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ASP.NET Web Application Performance

Background:
C# ASP.NET 3.5 application
SQL Server 2008 backend
IIS 7
Internet Explorer 10 and Chrome

We have a web application that is accessed by roughly 50-60 employees at the same time.  We have a variety of browsers that are used.  IE 8,9,10 and Chrome.  When you open up the web application the first time it seems to run great.  Over time it because slower and slower.  I look at the database server and everything looks ok there and no locks on queries or anything of that nature.  I look at the web server to see if the worker process is spiking and it seems to be at normal usage.  It only is taking up maybe 200 megs of ram.

Generally, they can close down whatever browser they are using, open it up again and its ok.  Others have claimed that they close down the browser, open it up and its exactly the same as it was before they closed it down.

When it's dragging to the point that it's taking 30 seconds from going to one page to the other, I restart the application pool and that seems to make it run normal again.

This leads me to believe its something with my code and a possible memory leak but then why would worker process only be taking up less than 200 megs on the server?  Maybe it's something in the .NET 3.5 framework and IIS?  A lot of the problems seemed to start when IE10 was installed on some machines by automatic updates.   We reverted some users to previous IE8 and that helps a little but still some drag.  We then let users use Chrome and it seems that when they initially start up chrome, it's extremely fast.  Other users have never really seen the application slow at all.

I've been trying to pin point where the problem is, but I can't seem to figure it out.  I just can seem to figure out where my focus should be set.  I've been combing through code and queries.  I've run Red Gate's performance profiler but that doesn't capture the problems we are having on our live server. It only captures what I do.  Event Viewer hasn't helped much.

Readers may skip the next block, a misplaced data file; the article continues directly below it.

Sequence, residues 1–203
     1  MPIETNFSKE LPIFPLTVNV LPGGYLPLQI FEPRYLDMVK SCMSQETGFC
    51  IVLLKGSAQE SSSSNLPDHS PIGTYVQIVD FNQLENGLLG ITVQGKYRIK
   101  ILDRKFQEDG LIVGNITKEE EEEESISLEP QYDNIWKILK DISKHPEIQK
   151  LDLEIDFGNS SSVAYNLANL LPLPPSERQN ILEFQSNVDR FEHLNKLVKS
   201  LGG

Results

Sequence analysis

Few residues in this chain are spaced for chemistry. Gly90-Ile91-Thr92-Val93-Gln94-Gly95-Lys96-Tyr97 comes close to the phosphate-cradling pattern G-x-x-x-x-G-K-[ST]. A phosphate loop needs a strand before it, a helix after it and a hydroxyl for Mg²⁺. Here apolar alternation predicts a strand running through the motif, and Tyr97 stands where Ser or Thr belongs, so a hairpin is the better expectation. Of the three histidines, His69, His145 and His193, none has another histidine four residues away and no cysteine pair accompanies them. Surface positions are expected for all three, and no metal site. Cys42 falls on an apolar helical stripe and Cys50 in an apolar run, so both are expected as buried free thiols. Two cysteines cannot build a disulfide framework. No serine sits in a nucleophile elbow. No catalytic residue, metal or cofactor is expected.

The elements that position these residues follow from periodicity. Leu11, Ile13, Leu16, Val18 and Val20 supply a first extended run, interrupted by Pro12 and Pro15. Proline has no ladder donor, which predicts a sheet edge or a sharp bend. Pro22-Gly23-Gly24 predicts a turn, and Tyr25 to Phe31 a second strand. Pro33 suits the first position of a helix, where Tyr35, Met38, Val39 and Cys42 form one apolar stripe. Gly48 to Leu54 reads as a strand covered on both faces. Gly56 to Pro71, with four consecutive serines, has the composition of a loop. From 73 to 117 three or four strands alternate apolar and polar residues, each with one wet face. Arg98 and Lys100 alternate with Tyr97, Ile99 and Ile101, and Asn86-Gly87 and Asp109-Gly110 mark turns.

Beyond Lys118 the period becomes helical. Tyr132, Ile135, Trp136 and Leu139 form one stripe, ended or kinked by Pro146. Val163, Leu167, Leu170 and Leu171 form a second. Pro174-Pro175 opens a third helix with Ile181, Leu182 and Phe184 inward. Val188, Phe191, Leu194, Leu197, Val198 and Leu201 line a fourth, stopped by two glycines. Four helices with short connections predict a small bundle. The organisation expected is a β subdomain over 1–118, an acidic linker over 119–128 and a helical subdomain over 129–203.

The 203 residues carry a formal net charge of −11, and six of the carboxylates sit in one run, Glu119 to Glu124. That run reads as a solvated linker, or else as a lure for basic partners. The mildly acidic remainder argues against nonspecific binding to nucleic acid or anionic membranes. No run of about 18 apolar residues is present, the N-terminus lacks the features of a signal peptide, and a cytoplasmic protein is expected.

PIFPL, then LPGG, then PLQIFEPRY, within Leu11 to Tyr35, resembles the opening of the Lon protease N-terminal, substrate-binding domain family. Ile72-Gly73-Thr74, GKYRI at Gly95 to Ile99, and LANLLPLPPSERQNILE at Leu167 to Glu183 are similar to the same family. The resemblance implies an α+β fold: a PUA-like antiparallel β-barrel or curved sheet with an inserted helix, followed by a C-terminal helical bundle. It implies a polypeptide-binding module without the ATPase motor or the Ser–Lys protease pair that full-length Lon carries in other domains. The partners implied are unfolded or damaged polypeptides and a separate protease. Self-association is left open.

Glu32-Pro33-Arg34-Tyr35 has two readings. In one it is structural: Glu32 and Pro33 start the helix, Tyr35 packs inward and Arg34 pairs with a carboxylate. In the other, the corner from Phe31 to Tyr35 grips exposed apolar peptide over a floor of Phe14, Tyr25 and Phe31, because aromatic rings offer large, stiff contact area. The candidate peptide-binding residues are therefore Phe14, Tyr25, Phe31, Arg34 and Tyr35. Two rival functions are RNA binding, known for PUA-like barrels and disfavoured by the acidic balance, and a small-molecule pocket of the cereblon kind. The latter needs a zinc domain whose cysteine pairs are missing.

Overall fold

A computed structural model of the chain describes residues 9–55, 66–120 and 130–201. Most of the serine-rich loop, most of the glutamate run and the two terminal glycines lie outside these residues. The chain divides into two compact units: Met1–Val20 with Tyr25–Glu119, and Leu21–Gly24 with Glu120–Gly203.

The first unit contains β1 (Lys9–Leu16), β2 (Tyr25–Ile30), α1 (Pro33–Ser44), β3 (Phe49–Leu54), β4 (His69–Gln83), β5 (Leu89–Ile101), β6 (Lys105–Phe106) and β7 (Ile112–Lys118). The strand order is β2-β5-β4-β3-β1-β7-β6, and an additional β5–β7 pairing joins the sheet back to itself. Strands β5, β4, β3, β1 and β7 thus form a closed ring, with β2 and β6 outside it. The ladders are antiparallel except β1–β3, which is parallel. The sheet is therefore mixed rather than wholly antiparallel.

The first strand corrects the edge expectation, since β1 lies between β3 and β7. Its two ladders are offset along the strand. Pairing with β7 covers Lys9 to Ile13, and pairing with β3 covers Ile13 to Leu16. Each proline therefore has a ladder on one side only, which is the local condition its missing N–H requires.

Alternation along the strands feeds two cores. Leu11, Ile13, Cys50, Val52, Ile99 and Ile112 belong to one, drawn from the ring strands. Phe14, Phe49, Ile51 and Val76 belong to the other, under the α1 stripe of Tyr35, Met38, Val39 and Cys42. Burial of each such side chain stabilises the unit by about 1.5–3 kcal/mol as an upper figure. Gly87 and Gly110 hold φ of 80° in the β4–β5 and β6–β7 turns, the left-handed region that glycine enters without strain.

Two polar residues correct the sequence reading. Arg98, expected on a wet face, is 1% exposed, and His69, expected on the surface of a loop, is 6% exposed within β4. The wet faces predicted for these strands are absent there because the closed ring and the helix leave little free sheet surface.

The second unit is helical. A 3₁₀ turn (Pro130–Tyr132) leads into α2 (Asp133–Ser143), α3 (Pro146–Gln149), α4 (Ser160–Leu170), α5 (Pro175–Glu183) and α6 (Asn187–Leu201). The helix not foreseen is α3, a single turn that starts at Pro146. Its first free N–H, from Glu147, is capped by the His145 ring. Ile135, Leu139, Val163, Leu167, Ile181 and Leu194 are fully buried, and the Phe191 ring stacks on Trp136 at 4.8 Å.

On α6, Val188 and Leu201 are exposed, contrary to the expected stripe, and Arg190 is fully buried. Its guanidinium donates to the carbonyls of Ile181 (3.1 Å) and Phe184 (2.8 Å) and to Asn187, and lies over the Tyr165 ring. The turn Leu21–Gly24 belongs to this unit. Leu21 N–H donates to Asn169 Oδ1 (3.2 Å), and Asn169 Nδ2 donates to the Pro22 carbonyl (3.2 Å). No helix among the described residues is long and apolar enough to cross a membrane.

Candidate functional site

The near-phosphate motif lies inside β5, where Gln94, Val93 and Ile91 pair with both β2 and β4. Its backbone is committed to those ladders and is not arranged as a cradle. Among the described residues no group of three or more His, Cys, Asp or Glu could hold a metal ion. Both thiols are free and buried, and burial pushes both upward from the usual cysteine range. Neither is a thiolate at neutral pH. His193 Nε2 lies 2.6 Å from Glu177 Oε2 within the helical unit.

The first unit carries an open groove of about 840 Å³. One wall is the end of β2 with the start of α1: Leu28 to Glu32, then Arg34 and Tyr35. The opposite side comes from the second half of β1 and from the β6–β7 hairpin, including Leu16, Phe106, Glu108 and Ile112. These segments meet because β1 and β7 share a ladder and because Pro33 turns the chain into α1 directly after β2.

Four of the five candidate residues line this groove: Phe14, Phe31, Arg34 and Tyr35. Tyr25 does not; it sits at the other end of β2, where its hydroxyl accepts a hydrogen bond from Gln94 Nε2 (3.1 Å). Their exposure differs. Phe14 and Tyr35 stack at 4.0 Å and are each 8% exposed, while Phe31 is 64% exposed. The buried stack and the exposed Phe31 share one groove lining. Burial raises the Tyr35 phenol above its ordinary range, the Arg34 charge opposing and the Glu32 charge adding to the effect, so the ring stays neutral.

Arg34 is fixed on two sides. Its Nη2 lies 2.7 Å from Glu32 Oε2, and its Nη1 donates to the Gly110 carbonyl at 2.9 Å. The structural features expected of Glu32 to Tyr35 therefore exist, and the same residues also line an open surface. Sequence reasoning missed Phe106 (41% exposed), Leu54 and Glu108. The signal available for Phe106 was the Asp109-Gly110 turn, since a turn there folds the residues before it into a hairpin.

What could possibly be the issue?

Thanks
Kurt
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reindeerauto
Asked:
reindeerauto
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1 Solution
 
jorge_torizCommented:
could you configure a Trace? so you can view exactly the methods that are taking so much time to execute
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reindeerautoAuthor Commented:
I could but if it was just about methods taking a long time then why would would it seem fine initially then progressively get worse?  Seems like a memory problem?
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reindeerautoAuthor Commented:
Additional information:

There are reports of long delays when saving information into the database.  Then 5 minutes later, they would save the same information on a page and it would happen instantly.  When I hear that, I would think its a database problem of some sort.  So again, everything is completely random at this point with delays.
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jorge_torizCommented:
Mmm... well, the thing could be database locks, do you have acces to run a profiler on the database server?
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reindeerautoAuthor Commented:
Ran profiler looking for database locks and there were none that it detected over the last few days.
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jorge_torizCommented:
Can you upload the results of the following DMVs?

sys.dm_os_wait_stats
sys.dm_os_latch_stats
sys.dm_os_spinlock_stats
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reindeerautoAuthor Commented:
here it is.
db-stats.xlsx